It’s the information, silly! A recent study by the Center for Technology Innovation at the Brookings Institution tells us what we already know: healthcare organizations hold high-value information electronically, and because they haven’t invested equally in cybersecurity, it’s all vulnerable. When those nifty EHRs hold names, dates of birth, addresses, Social Security numbers and health histories, they are eminently salable. What’s new here is that the vulnerability increases due to factors not based on security, but on legal and data exchange requirements:
- Data sharing and accessing
- Length of storage to comply with regulations
- The size of the records–the more information they hold, the more vulnerable
Lay on top of this ransomware.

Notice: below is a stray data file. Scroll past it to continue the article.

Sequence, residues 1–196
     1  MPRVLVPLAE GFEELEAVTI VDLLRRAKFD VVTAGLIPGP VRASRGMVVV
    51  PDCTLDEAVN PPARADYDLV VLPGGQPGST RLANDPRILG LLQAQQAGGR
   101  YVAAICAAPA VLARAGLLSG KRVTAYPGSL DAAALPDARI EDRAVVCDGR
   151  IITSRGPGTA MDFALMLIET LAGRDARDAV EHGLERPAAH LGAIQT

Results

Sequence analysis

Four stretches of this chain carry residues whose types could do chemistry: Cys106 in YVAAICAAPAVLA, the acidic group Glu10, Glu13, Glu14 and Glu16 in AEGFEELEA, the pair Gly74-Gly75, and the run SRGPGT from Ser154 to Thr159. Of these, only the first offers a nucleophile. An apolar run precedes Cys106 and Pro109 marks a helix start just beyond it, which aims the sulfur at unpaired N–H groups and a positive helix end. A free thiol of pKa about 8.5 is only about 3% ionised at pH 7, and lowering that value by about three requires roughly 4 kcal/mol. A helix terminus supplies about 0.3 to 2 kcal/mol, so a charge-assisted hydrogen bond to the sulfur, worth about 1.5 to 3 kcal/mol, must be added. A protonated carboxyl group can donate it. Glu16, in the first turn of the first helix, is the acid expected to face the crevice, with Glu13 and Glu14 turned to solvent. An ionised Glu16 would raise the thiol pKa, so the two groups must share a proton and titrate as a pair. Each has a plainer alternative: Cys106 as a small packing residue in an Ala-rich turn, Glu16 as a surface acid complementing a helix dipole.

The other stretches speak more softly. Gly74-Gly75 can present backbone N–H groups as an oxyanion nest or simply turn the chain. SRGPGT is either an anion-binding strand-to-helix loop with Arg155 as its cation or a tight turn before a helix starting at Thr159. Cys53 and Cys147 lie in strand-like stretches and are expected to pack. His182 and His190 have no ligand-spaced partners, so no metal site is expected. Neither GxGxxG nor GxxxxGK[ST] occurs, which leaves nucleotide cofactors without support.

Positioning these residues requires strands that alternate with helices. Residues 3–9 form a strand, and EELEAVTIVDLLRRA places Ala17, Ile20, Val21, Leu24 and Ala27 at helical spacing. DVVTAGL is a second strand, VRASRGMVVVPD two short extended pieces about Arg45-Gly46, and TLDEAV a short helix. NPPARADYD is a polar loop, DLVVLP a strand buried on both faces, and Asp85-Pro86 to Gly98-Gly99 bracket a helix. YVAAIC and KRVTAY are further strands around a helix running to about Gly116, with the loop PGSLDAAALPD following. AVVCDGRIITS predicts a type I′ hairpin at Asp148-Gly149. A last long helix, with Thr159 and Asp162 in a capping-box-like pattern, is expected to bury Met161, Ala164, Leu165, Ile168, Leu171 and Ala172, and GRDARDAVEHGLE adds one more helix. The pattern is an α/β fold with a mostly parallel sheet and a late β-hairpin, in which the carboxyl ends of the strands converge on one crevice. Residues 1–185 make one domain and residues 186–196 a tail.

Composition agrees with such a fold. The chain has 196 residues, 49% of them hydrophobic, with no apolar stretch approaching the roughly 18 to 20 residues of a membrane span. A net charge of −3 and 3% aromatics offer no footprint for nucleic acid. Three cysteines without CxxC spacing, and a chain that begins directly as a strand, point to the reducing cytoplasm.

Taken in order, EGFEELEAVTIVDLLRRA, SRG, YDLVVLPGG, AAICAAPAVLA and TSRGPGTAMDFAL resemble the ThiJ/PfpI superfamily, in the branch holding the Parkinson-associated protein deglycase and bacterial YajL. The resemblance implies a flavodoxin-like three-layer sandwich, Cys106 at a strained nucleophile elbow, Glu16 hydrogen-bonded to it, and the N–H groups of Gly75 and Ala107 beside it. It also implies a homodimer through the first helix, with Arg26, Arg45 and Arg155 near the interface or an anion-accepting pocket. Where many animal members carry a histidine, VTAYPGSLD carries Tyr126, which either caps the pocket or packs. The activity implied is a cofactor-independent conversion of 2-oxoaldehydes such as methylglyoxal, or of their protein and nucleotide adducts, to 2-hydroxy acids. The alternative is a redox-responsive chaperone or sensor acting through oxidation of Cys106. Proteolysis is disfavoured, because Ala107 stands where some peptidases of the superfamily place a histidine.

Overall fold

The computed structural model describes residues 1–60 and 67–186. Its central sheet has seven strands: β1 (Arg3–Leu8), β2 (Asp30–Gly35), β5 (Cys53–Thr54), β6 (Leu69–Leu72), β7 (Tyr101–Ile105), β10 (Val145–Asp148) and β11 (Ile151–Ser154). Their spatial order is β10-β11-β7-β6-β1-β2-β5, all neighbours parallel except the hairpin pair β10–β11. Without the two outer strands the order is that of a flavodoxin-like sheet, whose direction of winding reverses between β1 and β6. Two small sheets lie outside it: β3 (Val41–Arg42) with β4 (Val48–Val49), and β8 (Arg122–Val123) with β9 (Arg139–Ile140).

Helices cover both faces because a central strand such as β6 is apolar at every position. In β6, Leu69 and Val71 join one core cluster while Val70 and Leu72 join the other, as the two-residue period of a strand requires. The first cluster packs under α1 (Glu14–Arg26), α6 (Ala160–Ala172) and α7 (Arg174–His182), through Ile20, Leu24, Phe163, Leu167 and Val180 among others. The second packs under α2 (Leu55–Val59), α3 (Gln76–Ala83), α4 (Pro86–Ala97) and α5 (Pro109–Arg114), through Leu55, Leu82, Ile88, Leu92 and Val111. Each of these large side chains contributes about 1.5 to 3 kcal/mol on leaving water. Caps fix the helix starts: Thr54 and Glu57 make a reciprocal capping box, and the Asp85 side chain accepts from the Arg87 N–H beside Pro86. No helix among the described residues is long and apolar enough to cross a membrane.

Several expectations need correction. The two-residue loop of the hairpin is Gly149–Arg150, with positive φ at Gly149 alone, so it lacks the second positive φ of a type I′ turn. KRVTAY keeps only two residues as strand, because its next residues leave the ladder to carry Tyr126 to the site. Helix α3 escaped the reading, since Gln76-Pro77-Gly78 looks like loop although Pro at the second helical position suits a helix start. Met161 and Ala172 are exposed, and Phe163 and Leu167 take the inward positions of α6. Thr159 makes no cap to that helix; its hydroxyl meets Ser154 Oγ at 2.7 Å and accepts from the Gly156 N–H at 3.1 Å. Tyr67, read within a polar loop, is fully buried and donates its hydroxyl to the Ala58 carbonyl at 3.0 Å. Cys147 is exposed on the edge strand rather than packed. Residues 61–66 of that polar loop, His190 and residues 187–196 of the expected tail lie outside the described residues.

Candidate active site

The worst threat is not the hacker in a Bulgarian basement, but what is termed ‘state actors’ who want health information for a variety of reasons. They may be compiling a big database:”…a dossier of individuals that they could use for social engineering for future attacks”–such as sending phishing emails to government employees with specific, accurate information that when opened, infect their computers with malware for another purpose. Some solutions presented are using an outside cloud storage provider; using blockchain, which requires both public and private encryption keys; intrusion-detection systems (IDS) and security information and event management (SIEM) software. CSO, Brookings report (28 pages)